This is about the digital divide between Conservatives and Liberals – how the left is beating the right’s brains in with social media, new media and big data. And I want to talk about the solutions to our problems with connecting with voters – not simply lecturing them, but persuading them. The Right needs to be better at investing in digital infrastructure, telling stories and getting folks to trust us, one voter at a time. Today we’ll examine:


  1. The differences in digital effectiveness between the Right and the Left, and opportunities for growth on the Right
  2. How to tell our stories in a way that is convincing and trustworthy
  3. Getting out of the echo chamber
  4. The cultural shift this will require in the Republican Party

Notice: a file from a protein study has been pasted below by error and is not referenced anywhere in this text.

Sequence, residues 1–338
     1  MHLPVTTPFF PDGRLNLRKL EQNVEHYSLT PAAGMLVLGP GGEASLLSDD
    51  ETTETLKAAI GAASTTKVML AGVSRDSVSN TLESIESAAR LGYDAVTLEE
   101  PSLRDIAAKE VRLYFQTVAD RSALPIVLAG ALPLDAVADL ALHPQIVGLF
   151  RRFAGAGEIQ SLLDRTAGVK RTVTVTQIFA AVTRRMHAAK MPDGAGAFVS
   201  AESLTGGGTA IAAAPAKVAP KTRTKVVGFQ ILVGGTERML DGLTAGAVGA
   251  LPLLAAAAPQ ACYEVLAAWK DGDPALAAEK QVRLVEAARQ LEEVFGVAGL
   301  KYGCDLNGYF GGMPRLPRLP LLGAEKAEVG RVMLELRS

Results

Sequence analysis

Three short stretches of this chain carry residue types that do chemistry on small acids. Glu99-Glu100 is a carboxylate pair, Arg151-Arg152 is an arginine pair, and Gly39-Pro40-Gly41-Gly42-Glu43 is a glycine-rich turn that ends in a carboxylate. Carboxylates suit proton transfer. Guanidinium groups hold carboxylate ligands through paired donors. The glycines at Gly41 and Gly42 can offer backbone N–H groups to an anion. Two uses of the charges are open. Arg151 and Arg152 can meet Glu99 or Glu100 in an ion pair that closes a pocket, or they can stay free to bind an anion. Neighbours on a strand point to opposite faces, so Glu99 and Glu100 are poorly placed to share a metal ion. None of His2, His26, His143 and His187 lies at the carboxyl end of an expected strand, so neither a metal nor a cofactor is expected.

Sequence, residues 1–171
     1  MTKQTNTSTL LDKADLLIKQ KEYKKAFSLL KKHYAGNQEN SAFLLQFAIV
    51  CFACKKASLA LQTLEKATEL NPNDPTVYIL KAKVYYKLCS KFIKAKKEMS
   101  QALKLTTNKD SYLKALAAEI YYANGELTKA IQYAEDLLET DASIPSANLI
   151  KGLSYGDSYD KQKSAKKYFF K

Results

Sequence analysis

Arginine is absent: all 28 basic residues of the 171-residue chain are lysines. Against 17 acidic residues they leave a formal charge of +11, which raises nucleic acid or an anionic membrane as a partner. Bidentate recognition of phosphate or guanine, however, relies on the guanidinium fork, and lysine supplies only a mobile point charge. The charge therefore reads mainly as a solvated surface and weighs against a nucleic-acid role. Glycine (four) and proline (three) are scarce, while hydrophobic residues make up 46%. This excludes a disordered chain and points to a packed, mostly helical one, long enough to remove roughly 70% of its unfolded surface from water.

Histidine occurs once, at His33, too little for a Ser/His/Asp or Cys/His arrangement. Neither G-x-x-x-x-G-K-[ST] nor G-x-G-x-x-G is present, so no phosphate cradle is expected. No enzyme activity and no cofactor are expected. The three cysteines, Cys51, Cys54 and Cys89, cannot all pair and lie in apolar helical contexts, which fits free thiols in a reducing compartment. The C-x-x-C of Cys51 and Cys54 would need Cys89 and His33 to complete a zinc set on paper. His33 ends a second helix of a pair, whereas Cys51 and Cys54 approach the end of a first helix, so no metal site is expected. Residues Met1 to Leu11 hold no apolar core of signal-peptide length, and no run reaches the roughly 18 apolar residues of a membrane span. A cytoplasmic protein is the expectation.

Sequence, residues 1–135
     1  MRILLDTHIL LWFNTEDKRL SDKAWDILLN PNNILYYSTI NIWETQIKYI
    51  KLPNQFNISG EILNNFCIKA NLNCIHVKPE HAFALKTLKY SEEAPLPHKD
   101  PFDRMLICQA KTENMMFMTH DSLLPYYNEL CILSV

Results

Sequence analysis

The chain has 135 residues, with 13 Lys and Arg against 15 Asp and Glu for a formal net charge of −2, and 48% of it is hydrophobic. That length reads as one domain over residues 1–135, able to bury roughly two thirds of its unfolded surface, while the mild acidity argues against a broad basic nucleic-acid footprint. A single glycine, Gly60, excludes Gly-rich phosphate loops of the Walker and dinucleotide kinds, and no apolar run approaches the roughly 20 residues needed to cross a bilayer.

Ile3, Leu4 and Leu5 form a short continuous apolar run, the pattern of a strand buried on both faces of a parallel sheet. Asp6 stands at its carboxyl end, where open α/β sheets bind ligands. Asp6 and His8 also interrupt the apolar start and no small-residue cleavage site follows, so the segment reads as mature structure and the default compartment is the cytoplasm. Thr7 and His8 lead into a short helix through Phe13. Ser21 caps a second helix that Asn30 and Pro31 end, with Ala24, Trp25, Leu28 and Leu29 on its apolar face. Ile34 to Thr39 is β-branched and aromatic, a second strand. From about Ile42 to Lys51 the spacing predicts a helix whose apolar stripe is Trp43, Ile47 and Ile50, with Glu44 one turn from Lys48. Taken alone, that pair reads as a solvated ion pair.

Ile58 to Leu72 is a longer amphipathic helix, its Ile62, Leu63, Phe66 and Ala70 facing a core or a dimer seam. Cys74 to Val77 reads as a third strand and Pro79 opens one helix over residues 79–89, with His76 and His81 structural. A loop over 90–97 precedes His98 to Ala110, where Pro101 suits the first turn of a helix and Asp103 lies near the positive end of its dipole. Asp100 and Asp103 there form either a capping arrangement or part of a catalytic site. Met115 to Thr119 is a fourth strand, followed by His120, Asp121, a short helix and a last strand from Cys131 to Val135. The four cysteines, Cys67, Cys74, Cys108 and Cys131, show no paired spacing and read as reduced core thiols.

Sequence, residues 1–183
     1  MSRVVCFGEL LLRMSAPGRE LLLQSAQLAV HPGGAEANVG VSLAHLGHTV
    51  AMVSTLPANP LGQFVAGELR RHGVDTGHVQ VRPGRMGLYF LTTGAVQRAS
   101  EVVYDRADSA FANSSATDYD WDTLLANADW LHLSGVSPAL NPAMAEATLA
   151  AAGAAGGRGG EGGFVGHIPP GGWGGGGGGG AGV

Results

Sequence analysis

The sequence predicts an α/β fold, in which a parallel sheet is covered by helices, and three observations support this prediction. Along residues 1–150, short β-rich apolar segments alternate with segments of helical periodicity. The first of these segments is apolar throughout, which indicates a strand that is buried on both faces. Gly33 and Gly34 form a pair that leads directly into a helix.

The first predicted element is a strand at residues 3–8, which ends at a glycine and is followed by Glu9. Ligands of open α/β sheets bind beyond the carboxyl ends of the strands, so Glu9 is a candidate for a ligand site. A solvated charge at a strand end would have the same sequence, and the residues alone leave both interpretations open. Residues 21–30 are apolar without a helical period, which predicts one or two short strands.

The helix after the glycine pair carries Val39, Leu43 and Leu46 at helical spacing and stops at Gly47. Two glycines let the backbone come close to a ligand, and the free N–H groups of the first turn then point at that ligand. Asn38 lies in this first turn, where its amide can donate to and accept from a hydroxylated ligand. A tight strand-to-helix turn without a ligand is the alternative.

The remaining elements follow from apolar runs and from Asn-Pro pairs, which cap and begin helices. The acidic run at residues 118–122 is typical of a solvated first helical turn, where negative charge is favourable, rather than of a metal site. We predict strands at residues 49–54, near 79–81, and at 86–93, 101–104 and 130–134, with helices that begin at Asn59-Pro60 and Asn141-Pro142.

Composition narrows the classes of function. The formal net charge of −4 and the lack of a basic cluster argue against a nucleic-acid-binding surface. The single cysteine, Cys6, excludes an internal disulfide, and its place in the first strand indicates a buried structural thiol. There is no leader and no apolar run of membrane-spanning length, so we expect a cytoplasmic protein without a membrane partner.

As political activists who seek out better tools to accomplish our goals, we should always strive to win hearts and minds of voters and educate them – it’s the art of persuasion. And we should realize that we constantly need to do this each election cycle. We are the leaders, the activists, the folks who jumped into the deep end of the pool. We need to get to all those other folks in the shallow end, who barely know how to swim, and get them to trust our message. It’s a daunting task. I’m talking today about the tools we need, but we should remain ever mindful of the reasons WHY we’re using these tools. The technology is not the end – it’s a means to an end. So the deficit faced on the Right is a double edged sword – the Left invests more in the tools, but they are also innately better at getting folks to trust them.